While many students learn the basics of their field in the classroom, others are lucky enough to test out theories in a far more interesting way. For example, facing several monitors displaying heart rate, galvanic skin response, body temperature and real-time video all at once, a student from the School of Psychology analyzes the physiological reactions of a study participant. Welcome to the INSPIRE laboratory, where many projects like this one have come to life.
We asked Simon Beaudry, professor and lead manager of the lab, along with Andrea Ashbaugh and Martin Lalumière, professors in the School of Psychology, to tell us more.
Q: What is the INSPIRE lab?
Beaudry: INSPIRE stands for Integrated Neurocognitive and Social Psychophysiology Interdisciplinary Research Environment. The laboratory is at the crossroads of neuroscience and social sciences, and is one of the University of Ottawa’s interdisciplinary research centres.
The laboratory is located at the School of Psychology. Its physical space is designed to allow researchers to observe and understand the mysteries of human behavior by capturing, in real time, cognitive, social and psychological responses to stimuli presented via computer-controlled technology. Essentially, we get to study the mind and the body, simultaneously.
Q: What kind of research is done in the laboratory?
Beaudry: INSPIRE is a multidisciplinary lab, so our capabilities range from facilitating social research (like studies on leadership and motivation) to neuroscience and cognition research (like studies on brain functions and memory). Our wide variety of setups also allow researchers to conduct cutting edge research using advanced psychophysiological methods, like electromyography and cardiac impedance.
Ashbaugh: My research examines how fear memories can be updated. The work that I am conducting with Dr. Lalumière examines how anxiety influences sexual arousal. Both projects have implications for understanding basic human process as well as extending our understanding of a variety of mental health problems.
Q: How does the testing work?
Ashbaugh: Depending on the nature of the research, the use of the lab’s facilities can vary. For example, in my research we measure fear response using both self-report (e.g., the participant explains how much fear he or she is experiencing) and psychophysiological indicators of fear (e.g., galvanic skin response and facial electromyography). We develop fear in the lab using a fear conditioning paradigm where we pair a neutral stimulus with an aversive stimulus. In my basic fear research, the neutral stimulus is images of simple geometric shapes or a spider, whereas in the sex and anxiety research, the images are erotic. In both studies, the aversive stimulus is a mild shock that is uncomfortable, but not painful.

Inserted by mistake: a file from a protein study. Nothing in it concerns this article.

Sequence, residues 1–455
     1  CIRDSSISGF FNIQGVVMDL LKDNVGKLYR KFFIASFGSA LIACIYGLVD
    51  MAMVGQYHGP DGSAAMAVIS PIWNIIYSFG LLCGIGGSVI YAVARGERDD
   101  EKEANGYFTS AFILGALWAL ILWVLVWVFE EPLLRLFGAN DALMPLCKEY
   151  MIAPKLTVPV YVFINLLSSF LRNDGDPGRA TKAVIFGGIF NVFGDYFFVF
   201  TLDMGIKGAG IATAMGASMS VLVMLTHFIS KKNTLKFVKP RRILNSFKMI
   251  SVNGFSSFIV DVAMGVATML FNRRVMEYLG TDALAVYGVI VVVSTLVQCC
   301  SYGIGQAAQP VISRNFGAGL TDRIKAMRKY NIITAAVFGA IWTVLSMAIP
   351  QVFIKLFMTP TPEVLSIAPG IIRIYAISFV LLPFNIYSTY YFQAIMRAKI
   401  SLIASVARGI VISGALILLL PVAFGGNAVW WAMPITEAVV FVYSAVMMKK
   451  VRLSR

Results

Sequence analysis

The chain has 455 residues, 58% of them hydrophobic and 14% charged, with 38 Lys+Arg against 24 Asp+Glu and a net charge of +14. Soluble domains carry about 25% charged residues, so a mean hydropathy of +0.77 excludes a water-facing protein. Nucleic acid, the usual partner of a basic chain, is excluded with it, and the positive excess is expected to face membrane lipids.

Q: Why is it important to have a laboratory like INSPIRE?
Lalumière: Without the facilities and expertise available through the INSPIRE lab, it would be difficult and very costly to conduct the research we are doing right now. The INSPIRE lab is an amazing interdisciplinary lab that provides many researchers with specialized equipment and shared facilities to conduct projects that require carefully timed presentation of material and measurement of both psychological and physiological responses, as well as a high-quality training environment for students.
Beaudry: In addition to supporting researchers, we try to play a big role in the student experience as well. We offer tours and demonstrations in many undergraduate research courses and help students discover that research can be really fascinating. Some lucky students even get the chance to volunteer in the lab! This type of specialized training really opens a lot of doors in the research world.
Q: What are your goals for INSPIRE in the years to come?
Beaudry: Our fifth anniversary is approaching, an important step for us. Our first few years were a time of learning and getting set up. They went smoothly.
One of our next key steps will be promoting the laboratory on a large scale. We got off to a quiet start, but now we have a lot to offer in terms of facilitating research on human behaviour, which is well beyond psychophysiology. My vision for INSPIRE in the next five years is a research centre recognized by the entire University community for its sophistication, excellent service to all researchers and user-friendliness. I envision a place researchers think of first when designing a research project involving humans.
Technological renewal is another priority for me. For INSPIRE to continue its mission, we must always be on the cutting edge of research in terms of training, techniques and technology. This could mean the integration of brain imaging or the development of virtual reality spaces to which physiological response measures are connected. All in all, we will continue to foster original ideas and encourage interdisciplinarity, which is our main objective.
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